Just arrived in Austin, only to find in my in-box, oh, 'bout a dozen Friends' links to either Governor Rick Perry's speech down in Houston or the Burnt Orange Report's compendium of reactions to said speech. As you may know by now, the governor is saying no to more than $500 million in unemployment insurance, part of the stimulus package.
A source seeking anonymity tells Unfair Park that Republican State Senator Kevin Eltife was working on two bills that would have enabled Texas to receive the funding "without locking us into long-term liabilities after the money has been expended."
"We believe the legislation is constitutional," the source says. "But the governor went his direction today, and he has that authority."
Update: Ann Hatchitt, spokesperson Texas Workforce Commission, stresses that people who currently qualify for unemployment insurance will continue to receive benefits.
She notes that the American Recovery and Reinvestment Act signed by President Obama includes provisions that enlarges the pool of people eligible for unemployment, including part-time workers and those who have left their jobs because their spouses have taken a transfer.
Perry's concern, Hatchitt tells us, is when the stimulus money runs out after 2012, the state will be forced to increase taxes for Texas employers to maintain the new programs. Only the bills from Senator Eltife could have prevented this.
"We're all trying to figure out what happened today, but it seems as though the governor let everyone know ahead of time that if either of these laws get passed, he wasn't going to sign them, so that seems like what must have happened," she says.
But why wouldn't Perry want to sign the bills if it would allow Texas to get the money without keeping the programs long term?
"What a lot of people have been saying anecdotally is that once you start a program, it's really hard to reel it back in," Hatchitt says. "It's kind of how life is."
Update to Update: At our request, we just received an official statement from Tom Pauken, chairman of the Texas Workforce Commission.
I agree with Governor Perry that there should be no strings attached to the additional federal funds made available to Texas, pursuant to the so-called unemployment insurance modernization legislation. My efforts have been directed at developing a legislative approach which would allow Texas to get back our tax dollars without imposing any additional financial burden on Texas businesses after the federal funds run out.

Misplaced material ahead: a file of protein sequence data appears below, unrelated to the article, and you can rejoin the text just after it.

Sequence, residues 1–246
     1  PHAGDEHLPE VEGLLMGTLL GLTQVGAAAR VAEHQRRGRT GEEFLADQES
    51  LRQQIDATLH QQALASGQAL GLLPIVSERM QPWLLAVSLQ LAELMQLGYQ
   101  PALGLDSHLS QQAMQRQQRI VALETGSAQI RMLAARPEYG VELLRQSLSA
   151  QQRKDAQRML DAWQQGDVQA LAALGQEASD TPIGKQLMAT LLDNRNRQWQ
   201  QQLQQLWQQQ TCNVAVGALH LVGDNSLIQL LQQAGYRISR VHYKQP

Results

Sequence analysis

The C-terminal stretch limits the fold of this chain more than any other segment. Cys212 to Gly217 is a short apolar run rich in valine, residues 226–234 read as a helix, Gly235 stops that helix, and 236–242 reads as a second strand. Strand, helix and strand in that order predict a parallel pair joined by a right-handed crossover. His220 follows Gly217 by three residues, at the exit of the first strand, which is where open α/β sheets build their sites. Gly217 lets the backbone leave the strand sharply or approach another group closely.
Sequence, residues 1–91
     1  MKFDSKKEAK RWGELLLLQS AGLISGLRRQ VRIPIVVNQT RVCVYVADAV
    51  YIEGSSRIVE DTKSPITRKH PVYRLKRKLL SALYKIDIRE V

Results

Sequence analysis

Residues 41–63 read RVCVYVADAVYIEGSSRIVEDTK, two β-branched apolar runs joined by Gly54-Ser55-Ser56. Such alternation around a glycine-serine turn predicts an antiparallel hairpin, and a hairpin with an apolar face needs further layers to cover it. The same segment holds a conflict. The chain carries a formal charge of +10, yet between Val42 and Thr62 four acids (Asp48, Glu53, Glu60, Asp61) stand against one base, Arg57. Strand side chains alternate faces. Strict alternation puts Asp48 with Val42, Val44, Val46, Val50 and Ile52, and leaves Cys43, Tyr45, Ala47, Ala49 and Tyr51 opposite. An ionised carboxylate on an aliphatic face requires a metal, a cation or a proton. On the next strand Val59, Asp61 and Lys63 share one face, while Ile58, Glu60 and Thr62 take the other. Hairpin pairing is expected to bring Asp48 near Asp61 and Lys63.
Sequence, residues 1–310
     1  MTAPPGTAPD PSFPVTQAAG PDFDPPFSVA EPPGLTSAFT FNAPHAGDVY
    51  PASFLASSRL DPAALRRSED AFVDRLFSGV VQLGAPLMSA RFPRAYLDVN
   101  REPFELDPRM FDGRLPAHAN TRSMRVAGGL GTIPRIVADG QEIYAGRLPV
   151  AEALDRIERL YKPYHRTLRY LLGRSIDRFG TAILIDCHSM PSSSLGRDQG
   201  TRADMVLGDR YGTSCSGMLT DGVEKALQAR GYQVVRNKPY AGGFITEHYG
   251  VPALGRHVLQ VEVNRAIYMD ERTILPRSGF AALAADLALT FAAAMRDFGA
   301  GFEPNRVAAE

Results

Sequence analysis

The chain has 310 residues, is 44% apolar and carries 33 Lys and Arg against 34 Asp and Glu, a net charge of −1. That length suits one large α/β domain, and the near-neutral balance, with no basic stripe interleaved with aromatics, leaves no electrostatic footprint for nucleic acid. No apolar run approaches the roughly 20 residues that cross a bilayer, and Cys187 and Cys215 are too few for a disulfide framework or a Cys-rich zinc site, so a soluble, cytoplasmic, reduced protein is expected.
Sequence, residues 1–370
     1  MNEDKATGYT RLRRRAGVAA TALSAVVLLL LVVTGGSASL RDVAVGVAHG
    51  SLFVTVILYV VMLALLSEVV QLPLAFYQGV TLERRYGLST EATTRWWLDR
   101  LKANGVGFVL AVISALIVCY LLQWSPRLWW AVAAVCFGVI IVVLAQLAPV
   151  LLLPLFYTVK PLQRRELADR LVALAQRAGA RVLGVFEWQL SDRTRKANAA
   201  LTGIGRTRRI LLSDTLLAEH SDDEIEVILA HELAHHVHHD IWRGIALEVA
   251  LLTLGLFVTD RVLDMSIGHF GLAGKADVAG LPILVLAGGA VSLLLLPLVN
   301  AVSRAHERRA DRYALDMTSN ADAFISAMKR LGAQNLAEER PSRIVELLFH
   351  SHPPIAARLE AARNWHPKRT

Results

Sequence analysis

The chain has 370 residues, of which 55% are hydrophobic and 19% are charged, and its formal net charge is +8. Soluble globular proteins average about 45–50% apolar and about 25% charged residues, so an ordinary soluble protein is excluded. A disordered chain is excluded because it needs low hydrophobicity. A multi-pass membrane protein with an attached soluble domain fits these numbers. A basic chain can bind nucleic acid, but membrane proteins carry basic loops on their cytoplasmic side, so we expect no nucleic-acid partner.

The Governor believes that the Obama Administration won't permit Texas to do that. I concur with Governor Perry that the federal government has no right to dictate to Texans changes in our state law that will last after the federal funds are long gone.
More after the jump, including an excerpt from Perry's speech.
Texans who hire Texans drive our state's economic engine. During these tough times, Texas employers are working harder than ever to move products to market, make payroll and create jobs. The last thing they need right now is government burdening them with higher taxes and expanded obligations.
The Unemployment Insurance stipulations in the new federal stimulus bill will ultimately increase the burden borne by Texas employers and have a direct effect on people they hire, and those they won't hire as a result. That is why I am here today at a company like Bering's: to stand with Texas employers and the millions of Texans they employ in resisting further government intrusion into their business by opposing the federal government's push to expand our state's unemployment insurance program.
Changing the Texas terms of unemployment will not only cause employers to change their hiring practices, it will also increase their tax burden for years to come, leading to higher-priced products and hindering their ability to overcome the current economic challenges.
... and this from the Austin American-Statesman, which reports that the House Appropriates Committee doesn't necessarily agree with the governor.
In a 5 to 1 vote, the committee on Thursday endorsed enacting the necessary changes to state law so that Texas would be eligible for the money. House Appropriations Chairman Jim Pitts was the only Republican among the "ayes." Rep. Myra Crownover, R-Denton, voted against the measure and argued that action should be delayed.
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